It’s Passover, and we have questions


Passover is about questions. Yes, the children are supposed to ask them. (Why is that? See below.) But even adults who think they know everything about the holiday, which begins at sunset on Friday, probably have some questions if they gave it some thought. We certainly do. So we asked five questions, and here’s what we learned.

What was the point of the plagues?

Why all the drama? If God wanted the Israelites freed from Egypt, why not simply do it? Why, in other words, did the All-powerful spend time on frogs and lice?

It was a good teaching moment, says Rabbi Amy Schwartzman of Temple Rodef Shalom, a Reform synagogue in Falls Church.

Schwartzman says one interpretation is that the whole saga is meant to educate the Israelites, who at that point didn’t really know God.

“The Israelites needed to evolve in their understanding of God’s power in the world,” Schwartzman says. “They have no relationship yet with this God. They’ve been enslaved. So what’s going to build an understanding of who God is and what God’s powers and motivations are? If God just said, ‘You’re free now,’ it might not have had as much of an impact.”

Why would anyone invent a matzah sandwich?

The Haggadah talks about the great Rabbi Hillel, who celebrated Passover by combining the Passover offering, matzah and bitter herbs together in a sandwich. Millennia of seder goers have tried to follow Hillel’s lead, only to have the sandwich fall apart after one bite, the crumbling matzah leading the way.

It turns out, though, that matzah may not have always been so brittle, according to Rabbi Jacob J. Schacter, of Yeshiva University in New York.

Before it was mass-produced and packaged for Passover, matzah was hand made. The downside was that this matzah spoiled after a short time. The upside was that it was soft. Perfect for a Hillel sandwich.

Some Sephardic communities still make matzah that way.

“The Sephardi matzah is like a pita almost,” says Schacter. “They’re fluffier. That might be the more authentic version of what matzah should be, and the sandwich usage is much more intelligible that way.”

Why do we celebrate Passover the way we do?

“Actually it goes all the way back to the origins of Jewish history,” says Rabbi Daniel Nevins, of the Jewish Theological Seminary in New York. “Even as it’s happening in the Bible, the Bible is giving us a way to memorialize it. It’s like a tourist who gets to a beautiful site and takes out their camera first to memorialize before seeing it.”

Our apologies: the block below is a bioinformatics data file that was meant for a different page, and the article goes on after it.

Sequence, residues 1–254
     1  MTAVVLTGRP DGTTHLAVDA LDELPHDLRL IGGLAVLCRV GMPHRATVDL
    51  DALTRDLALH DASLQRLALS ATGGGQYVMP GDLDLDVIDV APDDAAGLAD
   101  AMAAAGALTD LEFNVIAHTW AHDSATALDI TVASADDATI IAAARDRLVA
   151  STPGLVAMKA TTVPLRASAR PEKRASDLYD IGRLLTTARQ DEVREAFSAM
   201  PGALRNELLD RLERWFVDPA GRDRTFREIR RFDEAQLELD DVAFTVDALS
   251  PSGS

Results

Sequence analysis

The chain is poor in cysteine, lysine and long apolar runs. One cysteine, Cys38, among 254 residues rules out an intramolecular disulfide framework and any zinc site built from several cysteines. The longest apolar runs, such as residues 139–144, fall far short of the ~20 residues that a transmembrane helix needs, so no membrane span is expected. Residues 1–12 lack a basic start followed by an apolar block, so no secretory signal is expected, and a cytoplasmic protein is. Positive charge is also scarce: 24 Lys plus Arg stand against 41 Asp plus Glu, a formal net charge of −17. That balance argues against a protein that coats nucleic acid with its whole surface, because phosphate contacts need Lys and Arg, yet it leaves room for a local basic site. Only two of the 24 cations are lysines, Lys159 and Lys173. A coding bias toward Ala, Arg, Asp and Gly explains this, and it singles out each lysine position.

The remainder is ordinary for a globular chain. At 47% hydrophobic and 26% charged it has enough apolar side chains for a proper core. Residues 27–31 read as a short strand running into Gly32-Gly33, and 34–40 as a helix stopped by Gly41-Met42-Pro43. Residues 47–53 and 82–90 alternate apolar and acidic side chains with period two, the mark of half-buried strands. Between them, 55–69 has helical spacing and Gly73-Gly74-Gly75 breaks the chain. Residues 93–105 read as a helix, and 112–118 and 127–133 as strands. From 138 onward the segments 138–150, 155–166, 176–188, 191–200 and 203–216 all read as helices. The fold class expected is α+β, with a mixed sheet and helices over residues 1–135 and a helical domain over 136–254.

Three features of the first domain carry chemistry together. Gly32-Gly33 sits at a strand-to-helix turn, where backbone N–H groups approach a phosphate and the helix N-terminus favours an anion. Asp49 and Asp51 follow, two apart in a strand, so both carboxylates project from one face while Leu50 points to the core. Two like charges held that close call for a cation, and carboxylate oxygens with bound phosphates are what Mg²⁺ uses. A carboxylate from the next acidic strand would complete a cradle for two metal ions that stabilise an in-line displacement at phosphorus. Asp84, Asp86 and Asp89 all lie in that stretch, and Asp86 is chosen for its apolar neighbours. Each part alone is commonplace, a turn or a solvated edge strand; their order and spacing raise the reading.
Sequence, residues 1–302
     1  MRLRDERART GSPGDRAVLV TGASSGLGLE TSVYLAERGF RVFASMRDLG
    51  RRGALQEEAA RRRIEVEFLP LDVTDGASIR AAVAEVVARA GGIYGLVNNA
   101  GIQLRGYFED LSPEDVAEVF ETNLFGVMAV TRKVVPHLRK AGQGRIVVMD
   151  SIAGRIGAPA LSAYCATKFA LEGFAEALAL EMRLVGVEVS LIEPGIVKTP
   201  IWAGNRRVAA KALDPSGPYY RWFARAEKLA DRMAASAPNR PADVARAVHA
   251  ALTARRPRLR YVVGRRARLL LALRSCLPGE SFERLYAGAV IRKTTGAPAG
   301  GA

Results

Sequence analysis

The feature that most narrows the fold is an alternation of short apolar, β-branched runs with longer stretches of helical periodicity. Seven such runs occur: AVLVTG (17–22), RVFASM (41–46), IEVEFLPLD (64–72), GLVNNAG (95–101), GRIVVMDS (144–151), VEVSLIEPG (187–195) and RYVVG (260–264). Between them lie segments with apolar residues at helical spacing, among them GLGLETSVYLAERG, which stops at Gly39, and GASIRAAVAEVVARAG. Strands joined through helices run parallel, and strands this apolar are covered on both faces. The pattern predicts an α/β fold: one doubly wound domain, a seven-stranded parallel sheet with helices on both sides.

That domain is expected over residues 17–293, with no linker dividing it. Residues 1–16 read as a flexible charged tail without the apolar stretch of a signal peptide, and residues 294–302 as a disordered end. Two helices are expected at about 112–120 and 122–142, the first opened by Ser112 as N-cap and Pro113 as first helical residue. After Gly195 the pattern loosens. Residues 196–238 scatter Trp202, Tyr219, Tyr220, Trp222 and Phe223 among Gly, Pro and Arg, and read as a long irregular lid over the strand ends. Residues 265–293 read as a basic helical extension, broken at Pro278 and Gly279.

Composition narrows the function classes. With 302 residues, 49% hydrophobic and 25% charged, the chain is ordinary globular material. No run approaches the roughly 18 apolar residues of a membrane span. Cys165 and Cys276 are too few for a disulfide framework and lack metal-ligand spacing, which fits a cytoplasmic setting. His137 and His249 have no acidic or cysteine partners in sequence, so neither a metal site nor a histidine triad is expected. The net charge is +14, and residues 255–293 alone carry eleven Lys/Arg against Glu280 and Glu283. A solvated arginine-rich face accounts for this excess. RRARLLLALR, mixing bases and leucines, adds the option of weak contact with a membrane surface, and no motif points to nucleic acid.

The Passover rituals — specifically, the seder — set up the “master narrative” of Judaism, Nevins adds. And that has turned Passover into a core part of Jewish identity for many American Jews, according to Rabbi David Dunn Bauer, of the Reconstructionist Rabbinical College in Wyncote, Pa., who says even the least religious Jews are likely to celebrate Passover.

“It is part of the structure of American Jewish life and identity,” he says, adding that the tradition is about cohesion and deepening of the Jewish connection to its community.


Why does the youngest read the Four Questions?

“The youngest reads the four questions because the youngest is the least likely to know the answers,” Bauer says simply.
But if we look at the four children in the Haggadah, the good child already knows everything about Passover, he says. The wicked child is the one who doesn’t want to know anything. And then there is the one who is just grasping the tradition and the one who doesn’t even know how to formulate the questions.

“So we’re actually giving someone an opportunity to learn,” he says. “And it’s very sweet that we’re actually saying that it’s OK not to know.”

The Four Questions are suited to children, he adds, because they’re not theological or philosophical questions so much as logistical ones about how the ritual is done.

What is the place of Passover in American Jewish life?

Passover is a reality check, says Nevins.

Religion in America has become very personalized, and Passover has the ability to emphasize the importance of affiliation, of community and of belonging, he says.

“The impact [of Passover] is enormous,” says Nevins. “It takes us from despair to celebration. Throughout history there have been many things that caused us despair. But Passover is a beacon of hope.”

Passover is setting the goal of final redemption, he adds. It makes you grateful for what you have, but gives you an aspiration of something even greater.

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